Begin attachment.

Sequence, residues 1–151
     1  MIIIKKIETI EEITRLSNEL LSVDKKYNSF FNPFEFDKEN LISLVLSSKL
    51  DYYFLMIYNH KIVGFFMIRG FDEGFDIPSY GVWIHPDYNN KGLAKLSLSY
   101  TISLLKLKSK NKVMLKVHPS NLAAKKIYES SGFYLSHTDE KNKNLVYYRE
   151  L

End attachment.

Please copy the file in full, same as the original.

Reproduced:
Sequence, residues 1–151
     1  MIIIKKIETI EEITRLSNEL LSVDKKYNSF FNPFEFDKEN LISLVLSSKL
    51  DYYFLMIYNH KIVGFFMIRG FDEGFDIPSY GVWIHPDYNN KGLAKLSLSY
   101  TISLLKLKSK NKVMLKVHPS NLAAKKIYES SGFYLSHTDE KNKNLVYYRE
   151  L